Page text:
Penn Student Suicides Prompt Task Force Probe Of Campus Stress

The University of Pennsylvania on Wednesday announced a task force to examine stress and mental health on the Philadelphia campus, still mourning two students who committed suicide this year.

The new Task Force on Student Psychological Health and Welfare is to release recommendations "related to programs, policies, and practices designed to improve the quality" of student life in early 2015, the university said in a statement. It will be chaired by Rebecca Bushnell, former dean of the School of Arts and Sciences, and Anthony Rostain, director of education for the Department of Psychiatry.

The task force announcement comes after two freshmen committed suicide within three weeks since classes resumed in January, sparking questions in the Penn community whether the Ivy League school adequately deals with student stress, which has been raised as a factor in one of the deaths.

Madison Holleran, a 19-year-old freshman track star, jumped off a parking garage in Philadelphia on Jan. 17. Elvis Hatcher, an 18-year-old math whiz, hanged himself on Feb. 4. Two other Penn undergraduates died from unrelated causes since December.

The university's statement doesn't mention the student deaths, but comes as much of the campus continues mourning the loss of their classmates.

Holleran family friend Bob Weckworth told the New York Daily News Madison wasn't happy with her grades. Holleran's father, James, said to the New York Post, "There was a lot more pressure in the classroom at Penn. She wasn’t normal happy Madison. Now she had worries and stress."

According to the latest National College Health Assessment survey in spring 2013, 84 percent of American students said they felt overwhelmed by all the work at some point in the previous year, including 48 percent who felt that way in the previous two weeks. Seven percent seriously considered suicide, and 1.5 percent said they had attempted it in the previous 12 months.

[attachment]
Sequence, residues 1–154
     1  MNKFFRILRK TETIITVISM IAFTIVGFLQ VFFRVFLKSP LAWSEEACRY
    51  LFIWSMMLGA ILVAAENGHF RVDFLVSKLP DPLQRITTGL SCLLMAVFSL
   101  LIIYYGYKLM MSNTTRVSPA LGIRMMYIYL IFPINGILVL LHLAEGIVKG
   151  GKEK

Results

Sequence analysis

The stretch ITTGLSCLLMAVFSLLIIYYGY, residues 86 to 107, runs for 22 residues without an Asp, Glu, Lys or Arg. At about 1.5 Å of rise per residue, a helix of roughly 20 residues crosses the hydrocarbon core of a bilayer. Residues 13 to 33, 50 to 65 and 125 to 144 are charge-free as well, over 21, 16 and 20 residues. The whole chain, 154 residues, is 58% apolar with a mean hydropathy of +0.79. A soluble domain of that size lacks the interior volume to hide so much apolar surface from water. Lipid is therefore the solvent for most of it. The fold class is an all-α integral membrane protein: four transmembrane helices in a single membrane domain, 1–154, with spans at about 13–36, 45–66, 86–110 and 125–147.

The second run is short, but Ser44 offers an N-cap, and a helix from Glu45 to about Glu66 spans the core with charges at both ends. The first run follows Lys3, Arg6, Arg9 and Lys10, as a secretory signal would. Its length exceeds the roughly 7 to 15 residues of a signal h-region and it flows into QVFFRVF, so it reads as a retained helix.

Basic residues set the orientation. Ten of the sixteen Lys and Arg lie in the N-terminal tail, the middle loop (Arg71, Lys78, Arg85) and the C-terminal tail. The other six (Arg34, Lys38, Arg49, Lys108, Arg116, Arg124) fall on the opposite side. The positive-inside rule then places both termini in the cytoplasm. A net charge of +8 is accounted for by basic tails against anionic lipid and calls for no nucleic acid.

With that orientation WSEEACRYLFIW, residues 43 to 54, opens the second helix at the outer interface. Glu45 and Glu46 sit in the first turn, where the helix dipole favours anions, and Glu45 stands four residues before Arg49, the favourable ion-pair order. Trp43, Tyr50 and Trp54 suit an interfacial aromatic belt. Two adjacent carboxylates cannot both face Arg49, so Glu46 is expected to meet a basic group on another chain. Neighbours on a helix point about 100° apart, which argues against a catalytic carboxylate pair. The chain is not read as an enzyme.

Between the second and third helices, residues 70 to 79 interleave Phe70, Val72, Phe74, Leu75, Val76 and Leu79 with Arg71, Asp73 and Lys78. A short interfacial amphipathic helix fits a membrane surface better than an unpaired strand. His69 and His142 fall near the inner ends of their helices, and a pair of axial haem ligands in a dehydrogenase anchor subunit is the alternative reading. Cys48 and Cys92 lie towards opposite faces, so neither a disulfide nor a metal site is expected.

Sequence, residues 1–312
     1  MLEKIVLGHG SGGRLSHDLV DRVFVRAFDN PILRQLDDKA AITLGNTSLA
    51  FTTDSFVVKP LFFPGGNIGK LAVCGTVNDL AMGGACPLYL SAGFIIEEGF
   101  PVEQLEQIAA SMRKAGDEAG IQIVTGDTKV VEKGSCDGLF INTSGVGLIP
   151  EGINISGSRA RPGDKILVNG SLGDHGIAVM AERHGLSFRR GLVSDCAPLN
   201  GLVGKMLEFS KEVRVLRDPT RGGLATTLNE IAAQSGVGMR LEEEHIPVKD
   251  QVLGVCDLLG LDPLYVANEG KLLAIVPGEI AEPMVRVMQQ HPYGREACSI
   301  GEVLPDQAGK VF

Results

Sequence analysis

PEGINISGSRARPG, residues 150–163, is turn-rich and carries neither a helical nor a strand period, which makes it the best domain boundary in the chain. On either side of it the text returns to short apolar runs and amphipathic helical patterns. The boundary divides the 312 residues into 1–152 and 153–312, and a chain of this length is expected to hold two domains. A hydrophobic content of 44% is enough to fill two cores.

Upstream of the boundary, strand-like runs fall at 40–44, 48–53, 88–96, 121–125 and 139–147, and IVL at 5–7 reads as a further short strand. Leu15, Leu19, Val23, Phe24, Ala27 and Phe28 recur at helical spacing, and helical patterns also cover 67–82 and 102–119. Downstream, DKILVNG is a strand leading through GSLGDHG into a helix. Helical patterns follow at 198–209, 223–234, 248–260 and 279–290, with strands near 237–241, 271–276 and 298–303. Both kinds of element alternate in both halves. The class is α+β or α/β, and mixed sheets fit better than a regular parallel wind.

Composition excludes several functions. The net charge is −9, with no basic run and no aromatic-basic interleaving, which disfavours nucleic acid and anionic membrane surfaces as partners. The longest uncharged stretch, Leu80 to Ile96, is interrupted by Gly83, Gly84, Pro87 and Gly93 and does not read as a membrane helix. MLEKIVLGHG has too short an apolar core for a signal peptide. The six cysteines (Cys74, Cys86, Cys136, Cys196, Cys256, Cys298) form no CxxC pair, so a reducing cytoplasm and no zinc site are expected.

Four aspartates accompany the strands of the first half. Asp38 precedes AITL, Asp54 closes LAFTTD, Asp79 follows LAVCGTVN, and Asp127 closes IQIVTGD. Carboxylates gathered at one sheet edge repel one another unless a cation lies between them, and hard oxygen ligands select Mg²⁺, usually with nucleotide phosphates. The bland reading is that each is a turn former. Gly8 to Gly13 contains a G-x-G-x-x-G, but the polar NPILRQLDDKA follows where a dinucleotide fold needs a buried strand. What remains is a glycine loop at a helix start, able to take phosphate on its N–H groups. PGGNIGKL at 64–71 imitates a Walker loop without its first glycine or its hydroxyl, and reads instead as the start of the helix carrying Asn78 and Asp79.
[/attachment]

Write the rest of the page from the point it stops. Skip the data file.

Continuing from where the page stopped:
Dr. Victor Schwartz, medical director of the Jed Foundation, which advocates for better suicide prevention services in colleges, said universities face a "very challenging balancing act" after student suicides.

"What you're trying to do after an event like this both give the students a chance to process and grieve around what has happened, and keeping an eye out for anyone struggling with depression or other mental health problems," Schwartz told HuffPost.

Penn has issued statements in recent weeks highlighting counseling services available to students.

Counseling and Psychological Services student liaison Kief Kelly said the organization had been working on a program to teach freshmen how to seek counseling services. It had been set to launch the same weekend as Holleran's suicide, but the date was pushed back to avoid appearing "too soon" after the death, Kelly said.

After the second suicide and a story in the weekly student magazine 34th Street suggesting students had trouble getting access to university counseling, Penn announced it would hire three new clinical staff members and realign schedules to allow more flexibility in scheduling appointments.

"Mental health is just as important as physical health," said Alexandra Sternlicht, a sophomore and author of the 34th Street article. "It should be treated the same way, which is you can get treated immediately."

Elissa Wolf, a past president of the anonymous, student-led Reach-A-Peer Helpline, estimated a 20 percent to 30 percent increase in phone calls over the past few weeks. The confidential hotline is meant to be "an easy first step for any students that are stressed out," said Wolf.

Several students interviewed by The Huffington Post said they don't know if Penn's atmosphere creates more stress than at other schools. It's not that students pretend stress doesn't exist, they said. At Penn, people boast about how much stress they have.

"I think at Penn, there's a competition for who's the most stressed," said Chloe Bower, editor of 34th Street. She explained people will make comments like, "I have so much work this week, I don't know how I'm going to finish."

Wolf told of hearing people brag about being so busy they only have time for three hours of sleep a night.

One anonymous student wrote on Tumblr after the two suicides about a suicide attempt. The writer blamed Penn's culture for creating an environment where students aren't able to admit they need help:

I think that a part of the reason for these responses is the culture and values of Penn. Penn’s metric of success tends to involve wealth, prestige, and fulfilling careers. These are admirable, important goals. However, personal and emotional growth, loving friendships, and overcoming mental illnesses are important too. In a school and culture where these goals are not nurtured or encouraged, there can be painful side effects.

If Penn President Amy Gutmann simply told students it's fine to feel stressed at Penn, that would've been "much more powerful message than just telling us they had new staff," sophomore Eve Bowers said.

But Schwartz noted, "We don't hear about things that didn't happen."

"We focus on tragedies," Schwartz said. "We don't ever really get reports about how many people might be saved by going to counseling services."

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